pageok
pageok
pageok
Judge Pryor on Criticisms of the Judiciary:
In today's Wall Street Journal, Eleventh Circuit Judge William Pryor responds to concerns that the judiciary today is under attack. I tend to think Judge Pryor has it about right. Thanks to Feddie for the link.
Daniel Chapman (mail):
His examples of modern-day criticism of judicial decisions are amusing, if understandable. Yes, some people disagree with criminal sentencing and tort law, but luckily those can always be corrected through legislation if the political will is there.

When I read "Many Americans today believe that more recent decisions of the court are also terribly wrong," I can almost hear a voice whispering "abortion" in the background, but he avoids it entirely. How... tactful.
10.4.2006 5:02pm
new lawyer (mail):
Pryor argues that courts have only the legitimacy of their opinions to rely on for power over the other branches of government. That's correct as far as it goes, but he doesn't really address the impact it has on the judiciary whenever partisans on the right and the left to scream "activist judge" whenever a decision comes down that they disagree with. Given that the judiciary's sole source of power is the legitimacy of its judgments and opinions, is it surprising when judges get defensive when that legitimacy comes under attack? Even if that attack is relatively minor in comparison with those in (either) Justice Marshall's day...
10.4.2006 5:09pm
LotharoftheHillPeople:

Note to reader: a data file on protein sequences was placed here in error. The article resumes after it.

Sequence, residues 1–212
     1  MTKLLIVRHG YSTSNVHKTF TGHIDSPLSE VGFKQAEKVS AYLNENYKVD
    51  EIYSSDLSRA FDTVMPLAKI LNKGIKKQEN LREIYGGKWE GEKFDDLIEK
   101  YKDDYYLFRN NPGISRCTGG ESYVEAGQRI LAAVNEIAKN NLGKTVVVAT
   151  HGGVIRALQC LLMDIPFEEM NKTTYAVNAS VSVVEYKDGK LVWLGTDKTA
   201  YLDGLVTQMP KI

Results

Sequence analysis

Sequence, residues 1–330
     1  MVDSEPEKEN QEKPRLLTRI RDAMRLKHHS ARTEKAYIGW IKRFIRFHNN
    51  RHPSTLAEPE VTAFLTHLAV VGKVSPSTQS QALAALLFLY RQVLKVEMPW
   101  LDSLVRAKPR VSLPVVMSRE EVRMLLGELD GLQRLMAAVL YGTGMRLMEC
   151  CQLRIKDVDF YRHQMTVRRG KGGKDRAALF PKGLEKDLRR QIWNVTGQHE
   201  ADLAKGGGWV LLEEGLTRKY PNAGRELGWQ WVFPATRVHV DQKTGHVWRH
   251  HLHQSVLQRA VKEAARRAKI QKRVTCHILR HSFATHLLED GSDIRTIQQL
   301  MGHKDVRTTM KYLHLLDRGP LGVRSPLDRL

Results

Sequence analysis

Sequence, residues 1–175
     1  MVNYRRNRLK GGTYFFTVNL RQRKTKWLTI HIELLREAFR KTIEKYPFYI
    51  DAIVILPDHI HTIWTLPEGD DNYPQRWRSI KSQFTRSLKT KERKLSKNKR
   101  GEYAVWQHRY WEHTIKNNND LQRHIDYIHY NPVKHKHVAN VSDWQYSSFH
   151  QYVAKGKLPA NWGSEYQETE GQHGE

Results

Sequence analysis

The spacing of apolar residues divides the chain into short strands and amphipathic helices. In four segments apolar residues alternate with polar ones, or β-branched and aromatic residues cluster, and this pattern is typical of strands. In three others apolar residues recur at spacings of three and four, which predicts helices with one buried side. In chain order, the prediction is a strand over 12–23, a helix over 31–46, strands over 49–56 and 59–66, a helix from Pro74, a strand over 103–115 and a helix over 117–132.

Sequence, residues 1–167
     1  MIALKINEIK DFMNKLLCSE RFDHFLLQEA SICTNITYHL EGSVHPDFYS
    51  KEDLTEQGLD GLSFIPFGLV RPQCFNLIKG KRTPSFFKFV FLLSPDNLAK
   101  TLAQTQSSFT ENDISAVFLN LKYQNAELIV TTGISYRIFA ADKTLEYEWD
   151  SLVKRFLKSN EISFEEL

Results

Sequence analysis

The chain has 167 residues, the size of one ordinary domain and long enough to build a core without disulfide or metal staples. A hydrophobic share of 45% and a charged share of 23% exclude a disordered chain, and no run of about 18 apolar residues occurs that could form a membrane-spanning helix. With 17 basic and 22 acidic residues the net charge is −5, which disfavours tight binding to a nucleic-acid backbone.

new lawyer,

But surely Justice O'Connor is a weird person to complain about this: She just did what she felt like for 25 years, without caring much about silly lawyer stuff like precedents and text.
10.4.2006 5:19pm
Rex:
I disagree both with the substance and the implication that this is a partisan issue. Regardless of whether it is true that the current threats against the federal judiciary are historically mild, I don't see that as a reason to criticize people like O'Connor speaking out against it. From jurisdiction stripping bills to casual death threats by radio personalities, there are presently unreasonable attacks on judges that should be condemned.
10.4.2006 5:43pm
SteveMG (mail):
As a relatively new resident of L.A. (that's Lower Alabama for you less sophisticated types), I can with some confidence state that even down here (as the saying goes) there is respect for judicial independence and the role of the courts in protecting liberties.

Remember, Judge Moore was removed from the bench by his associate justices. Public opinion polls of Alabamians at that time showed overwhelming support for his removal. And as Judge Pryor mentions in his piece, all - that is all - of Moore's acolytes have been soundly defeated in Republican primaries. That's the primaries and not the general election.

To be sure, there was a lot of discontent and grumbling over some of these federal courts rulings; but, again, polls showed that the vast majority of folks agreed that they had the final say in such matters and that Moore was wrong to ignore those rulings.

Grumblings do not equal a serious threat to judicial independence, notwithstanding Justice O'Connor's entreaties.

SMG
10.4.2006 5:52pm
Anderson (mail) (www):
She just did what she felt like for 25 years, without caring much about silly lawyer stuff like precedents and text.

That sounds like something written by someone who's heard about O'Connor on talk radio, not by someone who's actually read her opinions.
10.4.2006 5:52pm
LotharoftheHillPeople:
Rex, who says that it is a partisan issue?
10.4.2006 5:53pm
Houston Lawyer:
Some of our justices have been making law up for so long that they now believe that they should be above criticism as well. I guess we're luck to be able to look directly at them without suffering any penalty.
10.4.2006 5:59pm
Daniel Chapman (mail):
And who criticized Justice O'Conner for speaking out against "threats against the federal judiciary?"
10.4.2006 6:00pm
AF:
Pryor is right that the historical claims of Justice O'Connor (and Justice Alito) are questionable and that their cries of alarm are somewhat exaggerated. But he misses their basic point.